The origins of world order – on the streets of Beirut

With Lebanon on the brink of financial default, its protesters are demanding a new order in governance, one that global bodies can’t ignore.

AP
A protester outside parliament in Beirut holds a placard denouncing a reshuffling of power in Lebanon Feb. 11.

What is often called “world order” usually refers to the rules imposed by powerful countries or global bodies. So it comes as a surprise when one of those bodies, the International Monetary Fund, sees order elsewhere. Last week, IMF Managing Director Kristalina Georgieva told the leaders of Lebanon, a country deep in an economic and political crisis, to respond to “the call of the Lebanese people.”

By “call” she really meant the demands of a million Lebanese who have been protesting on and off since October in an upwelling for integrity in governance. To these young people, who are fed up with electricity blackouts and other effects of entrenched corruption, “order” lies in accountability, transparency, and democratic equality.

Often a theater for Middle East conflicts, Lebanon is largely controlled by an Arab terrorist group, Hezbollah. Along with help from the country’s other major religious and ethnic groups, the Shiite militant organization has corrupted both government and the banking system. On Tuesday, its deputy leader, Sheikh Naim Qassem, said Lebanon will not accept any bailout money from the IMF to prevent a pending financial meltdown. Such a financial rescue would have come with too many troublesome conditions for Hezbollah, which acts as Iran’s primary guerrilla arm in Syria, Yemen, and Iraq.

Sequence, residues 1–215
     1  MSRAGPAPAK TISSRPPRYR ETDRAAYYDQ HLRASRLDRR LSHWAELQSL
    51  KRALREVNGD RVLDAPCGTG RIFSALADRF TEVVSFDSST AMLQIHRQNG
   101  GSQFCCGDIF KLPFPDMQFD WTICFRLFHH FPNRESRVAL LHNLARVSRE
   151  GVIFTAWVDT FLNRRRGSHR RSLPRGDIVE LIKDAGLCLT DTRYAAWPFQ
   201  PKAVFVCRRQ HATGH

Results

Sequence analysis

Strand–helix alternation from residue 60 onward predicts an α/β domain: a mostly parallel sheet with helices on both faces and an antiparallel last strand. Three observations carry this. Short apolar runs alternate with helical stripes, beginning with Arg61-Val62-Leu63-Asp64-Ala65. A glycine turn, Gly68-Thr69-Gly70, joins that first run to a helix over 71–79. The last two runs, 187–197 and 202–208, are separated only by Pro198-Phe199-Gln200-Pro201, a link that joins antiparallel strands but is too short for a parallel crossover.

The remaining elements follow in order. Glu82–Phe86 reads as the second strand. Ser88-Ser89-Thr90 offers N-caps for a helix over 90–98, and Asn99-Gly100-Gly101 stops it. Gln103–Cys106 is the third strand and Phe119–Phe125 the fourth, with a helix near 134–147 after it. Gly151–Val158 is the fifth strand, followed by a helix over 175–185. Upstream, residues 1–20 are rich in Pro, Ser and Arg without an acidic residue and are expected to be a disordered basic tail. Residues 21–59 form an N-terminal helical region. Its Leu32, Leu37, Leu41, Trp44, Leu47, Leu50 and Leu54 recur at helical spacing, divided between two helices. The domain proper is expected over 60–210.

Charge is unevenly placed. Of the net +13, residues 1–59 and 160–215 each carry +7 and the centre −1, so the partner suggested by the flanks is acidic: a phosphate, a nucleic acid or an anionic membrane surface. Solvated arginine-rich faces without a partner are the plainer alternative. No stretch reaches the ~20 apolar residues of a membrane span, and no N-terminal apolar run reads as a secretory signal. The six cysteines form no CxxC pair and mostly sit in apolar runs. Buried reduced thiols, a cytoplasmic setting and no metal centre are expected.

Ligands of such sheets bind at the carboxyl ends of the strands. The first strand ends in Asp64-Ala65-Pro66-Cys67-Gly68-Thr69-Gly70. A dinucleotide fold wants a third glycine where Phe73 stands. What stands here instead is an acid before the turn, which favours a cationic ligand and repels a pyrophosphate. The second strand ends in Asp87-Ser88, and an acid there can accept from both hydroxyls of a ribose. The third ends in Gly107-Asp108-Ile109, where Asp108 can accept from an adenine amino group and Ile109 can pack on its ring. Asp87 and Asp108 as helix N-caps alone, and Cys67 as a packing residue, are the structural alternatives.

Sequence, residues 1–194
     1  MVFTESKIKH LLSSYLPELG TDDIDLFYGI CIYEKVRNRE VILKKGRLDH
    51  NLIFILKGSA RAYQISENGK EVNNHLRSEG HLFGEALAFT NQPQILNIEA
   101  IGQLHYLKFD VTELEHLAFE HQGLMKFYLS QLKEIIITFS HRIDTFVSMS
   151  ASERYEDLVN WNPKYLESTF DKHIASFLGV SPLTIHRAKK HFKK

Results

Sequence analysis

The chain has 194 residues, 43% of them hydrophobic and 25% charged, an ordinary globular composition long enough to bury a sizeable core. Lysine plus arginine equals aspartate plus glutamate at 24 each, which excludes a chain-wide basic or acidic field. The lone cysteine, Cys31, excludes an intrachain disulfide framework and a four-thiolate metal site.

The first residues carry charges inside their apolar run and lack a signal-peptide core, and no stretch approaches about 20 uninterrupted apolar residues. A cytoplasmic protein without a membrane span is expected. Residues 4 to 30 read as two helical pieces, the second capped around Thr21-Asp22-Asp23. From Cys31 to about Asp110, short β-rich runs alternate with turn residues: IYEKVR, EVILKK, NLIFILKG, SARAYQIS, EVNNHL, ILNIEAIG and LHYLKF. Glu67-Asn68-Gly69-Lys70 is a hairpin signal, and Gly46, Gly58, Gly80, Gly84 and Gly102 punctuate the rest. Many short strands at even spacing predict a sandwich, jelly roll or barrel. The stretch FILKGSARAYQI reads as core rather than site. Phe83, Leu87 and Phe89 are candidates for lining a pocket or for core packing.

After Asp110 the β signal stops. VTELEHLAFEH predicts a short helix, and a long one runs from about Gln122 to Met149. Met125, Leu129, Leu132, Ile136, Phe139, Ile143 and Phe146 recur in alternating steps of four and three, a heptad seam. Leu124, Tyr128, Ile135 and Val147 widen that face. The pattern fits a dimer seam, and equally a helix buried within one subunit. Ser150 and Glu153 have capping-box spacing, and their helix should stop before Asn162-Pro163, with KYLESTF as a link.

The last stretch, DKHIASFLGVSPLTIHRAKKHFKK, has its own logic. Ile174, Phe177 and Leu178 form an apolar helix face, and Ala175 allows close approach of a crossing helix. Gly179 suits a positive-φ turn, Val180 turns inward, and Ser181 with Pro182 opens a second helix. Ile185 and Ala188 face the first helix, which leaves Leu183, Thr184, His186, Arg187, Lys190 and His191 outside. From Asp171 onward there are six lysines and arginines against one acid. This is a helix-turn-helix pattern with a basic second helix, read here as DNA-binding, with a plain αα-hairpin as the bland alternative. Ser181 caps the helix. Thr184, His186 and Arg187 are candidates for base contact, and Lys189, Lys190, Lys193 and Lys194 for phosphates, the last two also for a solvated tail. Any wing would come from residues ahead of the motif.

By March 9, Lebanon must decide whether to repay $1.2 billion to international creditors – or default for the first time. Total debt stands at more than 150% of gross domestic output, making Lebanon one of the world’s most heavily indebted countries. The leaders in Beirut stand little chance of receiving aid from wealthy Arab states or Europe. The only fire brigade is the IMF. That Washington-based institution, one of many keepers of world order, would probably demand – guess what – accountability and transparency.

To really stem corruption, Lebanon would need to end a system of governance that divides up power to the political parties of Sunnis, Christians, and Shiites. This system has led to “muhasasa,” an Arabic word for dividing up of spoils. The protesters have pointed directly at this sectarian system.

The crisis in Lebanon, while small on a global scale, is big with meaning about the origins of world order. The IMF chief had it right. The call from people seeking to live under higher ideals than a division of power must be heeded.

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